Bloggers affect public image of companies – and smart ones know to identify and respond to issues raised by this independent media source. The effect of bloggers doesn’t end in image only, but also harm stock price, as Engadget false report on iPhone release dates showed the market.
However, smart management of these situation can not only fix damage done, but also improve company’s public image.
Readers of my blog know that sometimes I politely bash companies. That was the case of NewTek, the creator of TriCaster, that I’ve covered in this post. The main issue that I’ve raised was their lack of responsiveness to synchronis.tv, a company that used its product to push the envelope of online drama.
Several hours after publishing the post, their CEO and President, Jim Plant left a comment thanking for the post and asking who was trying to reach them. I’ve asked Andrew from synchronis.tv to touch base with Jim, and they’ve done so through the comments section, and later I’ve introduced them to one another via mail (based on the email address provided in the comment Jim left me). Not only that, the company later sent Philip Nelson, VP of Strategic Development, for a meeting with Andrew Lipson, and for a related panel in IMTC event.
Not only that NewTek improved their image in the community, they also gained some publicity and reach to new market segments – only because they were responsive to what was written about them – in a timely fashion.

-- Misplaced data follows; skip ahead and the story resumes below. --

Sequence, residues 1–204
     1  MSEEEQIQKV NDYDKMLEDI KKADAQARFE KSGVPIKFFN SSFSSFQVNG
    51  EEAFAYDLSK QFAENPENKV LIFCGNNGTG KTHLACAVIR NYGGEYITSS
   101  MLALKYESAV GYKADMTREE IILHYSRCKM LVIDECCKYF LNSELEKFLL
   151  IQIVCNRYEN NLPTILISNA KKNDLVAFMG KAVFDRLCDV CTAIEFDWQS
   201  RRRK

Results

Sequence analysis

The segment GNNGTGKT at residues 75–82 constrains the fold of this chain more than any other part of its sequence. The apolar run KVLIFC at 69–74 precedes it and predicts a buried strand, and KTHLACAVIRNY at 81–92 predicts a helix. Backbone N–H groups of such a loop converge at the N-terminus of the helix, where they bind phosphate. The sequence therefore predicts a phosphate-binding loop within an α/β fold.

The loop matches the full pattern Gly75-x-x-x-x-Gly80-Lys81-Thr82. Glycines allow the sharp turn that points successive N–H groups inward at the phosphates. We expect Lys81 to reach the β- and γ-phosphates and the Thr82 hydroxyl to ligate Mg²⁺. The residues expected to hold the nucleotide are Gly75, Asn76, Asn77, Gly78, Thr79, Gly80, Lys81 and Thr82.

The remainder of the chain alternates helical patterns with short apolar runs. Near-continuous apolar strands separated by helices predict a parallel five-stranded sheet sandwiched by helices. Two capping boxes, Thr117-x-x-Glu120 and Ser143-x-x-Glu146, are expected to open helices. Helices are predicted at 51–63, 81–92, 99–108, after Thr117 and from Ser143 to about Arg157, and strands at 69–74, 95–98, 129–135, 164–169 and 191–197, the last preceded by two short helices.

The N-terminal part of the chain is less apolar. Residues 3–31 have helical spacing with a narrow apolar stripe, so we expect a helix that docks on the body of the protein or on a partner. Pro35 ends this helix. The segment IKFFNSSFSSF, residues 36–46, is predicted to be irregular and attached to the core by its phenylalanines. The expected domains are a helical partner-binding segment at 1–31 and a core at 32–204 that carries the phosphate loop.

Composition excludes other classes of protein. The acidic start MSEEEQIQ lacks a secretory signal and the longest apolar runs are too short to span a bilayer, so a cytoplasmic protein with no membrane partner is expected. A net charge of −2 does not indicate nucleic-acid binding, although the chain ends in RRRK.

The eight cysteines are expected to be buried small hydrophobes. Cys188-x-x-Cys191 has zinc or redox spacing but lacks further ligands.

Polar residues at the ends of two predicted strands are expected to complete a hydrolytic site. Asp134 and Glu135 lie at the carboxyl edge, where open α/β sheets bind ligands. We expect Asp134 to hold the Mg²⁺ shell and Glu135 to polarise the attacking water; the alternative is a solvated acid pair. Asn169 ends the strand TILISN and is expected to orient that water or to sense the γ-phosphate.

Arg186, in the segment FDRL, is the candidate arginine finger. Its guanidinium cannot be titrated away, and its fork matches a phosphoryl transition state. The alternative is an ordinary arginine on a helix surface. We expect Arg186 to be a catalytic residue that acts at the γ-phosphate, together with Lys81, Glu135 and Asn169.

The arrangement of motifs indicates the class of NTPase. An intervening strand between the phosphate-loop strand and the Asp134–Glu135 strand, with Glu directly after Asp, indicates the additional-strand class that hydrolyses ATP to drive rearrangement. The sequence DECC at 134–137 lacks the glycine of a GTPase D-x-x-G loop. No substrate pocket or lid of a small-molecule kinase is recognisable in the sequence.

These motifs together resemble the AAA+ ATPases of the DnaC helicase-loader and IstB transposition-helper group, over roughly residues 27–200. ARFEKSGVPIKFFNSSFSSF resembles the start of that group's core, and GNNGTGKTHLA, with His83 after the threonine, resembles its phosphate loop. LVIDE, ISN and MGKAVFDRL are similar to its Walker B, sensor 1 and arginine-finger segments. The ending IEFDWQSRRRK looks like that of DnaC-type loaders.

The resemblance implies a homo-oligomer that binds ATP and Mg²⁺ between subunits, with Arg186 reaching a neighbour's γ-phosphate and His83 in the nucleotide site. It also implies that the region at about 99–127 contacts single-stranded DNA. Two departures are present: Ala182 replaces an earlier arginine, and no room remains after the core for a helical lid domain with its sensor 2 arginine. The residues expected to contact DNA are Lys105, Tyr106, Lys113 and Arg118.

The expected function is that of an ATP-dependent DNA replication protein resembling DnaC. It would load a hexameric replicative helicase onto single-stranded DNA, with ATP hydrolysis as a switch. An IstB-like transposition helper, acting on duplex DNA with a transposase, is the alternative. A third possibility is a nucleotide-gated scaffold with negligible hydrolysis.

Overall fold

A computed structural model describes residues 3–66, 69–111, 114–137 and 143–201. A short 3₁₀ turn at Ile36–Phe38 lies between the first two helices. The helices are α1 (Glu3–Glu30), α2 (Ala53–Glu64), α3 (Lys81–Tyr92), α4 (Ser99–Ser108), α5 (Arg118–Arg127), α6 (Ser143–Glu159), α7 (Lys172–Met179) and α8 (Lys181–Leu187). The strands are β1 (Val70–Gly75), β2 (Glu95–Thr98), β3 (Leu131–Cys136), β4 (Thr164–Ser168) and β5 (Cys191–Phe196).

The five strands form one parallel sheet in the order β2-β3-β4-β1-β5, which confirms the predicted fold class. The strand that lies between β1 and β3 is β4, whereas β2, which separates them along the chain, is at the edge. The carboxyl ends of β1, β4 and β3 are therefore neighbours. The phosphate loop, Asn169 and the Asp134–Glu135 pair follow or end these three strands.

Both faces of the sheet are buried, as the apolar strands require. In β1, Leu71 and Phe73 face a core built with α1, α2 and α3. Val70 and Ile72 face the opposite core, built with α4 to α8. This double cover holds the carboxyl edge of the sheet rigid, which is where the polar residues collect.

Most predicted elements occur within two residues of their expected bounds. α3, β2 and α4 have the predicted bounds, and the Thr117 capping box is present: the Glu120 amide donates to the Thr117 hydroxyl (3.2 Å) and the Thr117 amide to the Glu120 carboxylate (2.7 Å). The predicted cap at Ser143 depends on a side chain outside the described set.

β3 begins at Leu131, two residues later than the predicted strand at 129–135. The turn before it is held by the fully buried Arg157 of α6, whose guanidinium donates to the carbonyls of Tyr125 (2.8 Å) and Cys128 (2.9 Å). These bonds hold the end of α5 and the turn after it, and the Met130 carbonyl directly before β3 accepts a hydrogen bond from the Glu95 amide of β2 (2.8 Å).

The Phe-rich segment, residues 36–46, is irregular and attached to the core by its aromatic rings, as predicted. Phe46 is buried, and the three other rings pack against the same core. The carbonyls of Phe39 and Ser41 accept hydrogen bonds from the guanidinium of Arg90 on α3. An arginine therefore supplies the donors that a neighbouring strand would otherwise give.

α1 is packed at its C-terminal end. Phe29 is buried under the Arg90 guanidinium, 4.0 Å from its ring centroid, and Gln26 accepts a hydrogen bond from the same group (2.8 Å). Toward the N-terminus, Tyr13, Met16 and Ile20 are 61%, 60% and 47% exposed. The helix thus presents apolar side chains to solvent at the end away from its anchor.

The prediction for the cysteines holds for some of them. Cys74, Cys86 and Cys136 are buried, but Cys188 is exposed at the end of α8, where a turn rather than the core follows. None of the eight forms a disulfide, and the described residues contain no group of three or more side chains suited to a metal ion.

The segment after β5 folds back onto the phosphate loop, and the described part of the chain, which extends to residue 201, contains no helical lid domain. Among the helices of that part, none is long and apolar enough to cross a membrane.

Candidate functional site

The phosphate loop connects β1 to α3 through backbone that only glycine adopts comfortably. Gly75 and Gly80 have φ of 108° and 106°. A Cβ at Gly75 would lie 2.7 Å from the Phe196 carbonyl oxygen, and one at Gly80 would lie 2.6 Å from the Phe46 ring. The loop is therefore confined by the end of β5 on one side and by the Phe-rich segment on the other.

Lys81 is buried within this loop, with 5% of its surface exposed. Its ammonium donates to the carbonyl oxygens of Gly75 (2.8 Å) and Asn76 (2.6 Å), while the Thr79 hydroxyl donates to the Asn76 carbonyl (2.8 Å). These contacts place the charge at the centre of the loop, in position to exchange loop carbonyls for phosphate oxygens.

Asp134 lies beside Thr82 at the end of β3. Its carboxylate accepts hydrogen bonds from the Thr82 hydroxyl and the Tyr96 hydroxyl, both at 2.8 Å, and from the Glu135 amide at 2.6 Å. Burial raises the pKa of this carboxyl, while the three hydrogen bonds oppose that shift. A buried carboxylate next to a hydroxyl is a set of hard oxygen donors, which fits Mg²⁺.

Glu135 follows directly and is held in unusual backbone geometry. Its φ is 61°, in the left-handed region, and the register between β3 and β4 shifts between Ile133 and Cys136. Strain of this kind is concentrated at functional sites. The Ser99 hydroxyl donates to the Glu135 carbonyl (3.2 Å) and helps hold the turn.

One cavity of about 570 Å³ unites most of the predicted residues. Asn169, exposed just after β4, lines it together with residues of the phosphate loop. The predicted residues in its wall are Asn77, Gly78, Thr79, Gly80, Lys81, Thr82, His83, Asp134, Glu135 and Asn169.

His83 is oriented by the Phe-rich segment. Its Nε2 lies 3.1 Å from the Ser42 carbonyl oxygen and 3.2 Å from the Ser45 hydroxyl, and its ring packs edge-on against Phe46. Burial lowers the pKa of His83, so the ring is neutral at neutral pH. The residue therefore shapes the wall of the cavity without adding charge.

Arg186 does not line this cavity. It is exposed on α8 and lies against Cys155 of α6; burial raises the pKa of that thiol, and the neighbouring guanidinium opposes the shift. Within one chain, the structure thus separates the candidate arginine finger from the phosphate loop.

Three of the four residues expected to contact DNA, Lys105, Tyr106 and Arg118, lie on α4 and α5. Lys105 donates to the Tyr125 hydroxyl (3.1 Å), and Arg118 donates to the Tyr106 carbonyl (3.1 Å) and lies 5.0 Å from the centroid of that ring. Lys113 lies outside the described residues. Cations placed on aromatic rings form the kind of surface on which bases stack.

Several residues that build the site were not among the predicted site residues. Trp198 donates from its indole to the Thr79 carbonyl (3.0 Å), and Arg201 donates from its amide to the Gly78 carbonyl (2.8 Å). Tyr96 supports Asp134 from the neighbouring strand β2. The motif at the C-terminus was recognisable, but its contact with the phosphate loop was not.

So what are the most important points for companies in dealing with bloggers who bash them?
1. Time– responding in a timely fashion to posts is a crucial part of communicating with bloggers. This requires an ongoing monitoring of blogsphere by companies and their marketing departments.
2. Comments – though companies can contact bloggers directly, comments are visible to all readers. That way, even if a company doesn’t persuade the blogger that his bashing is wrong, at least the readers would see additional point of view on the topic.
3. Top management involvement – getting top management to comment directly on blogs provide additional benefits – especially when the company is bashed. Just like a press conference, when a senior level official presents company views, readers see that the company sees a topic as important.
4. Use real email addresses in comments – yes, I know, sounds strange, but the fact that I had the direct connection to Jim made things much easier, and raised NewTek’s credibility.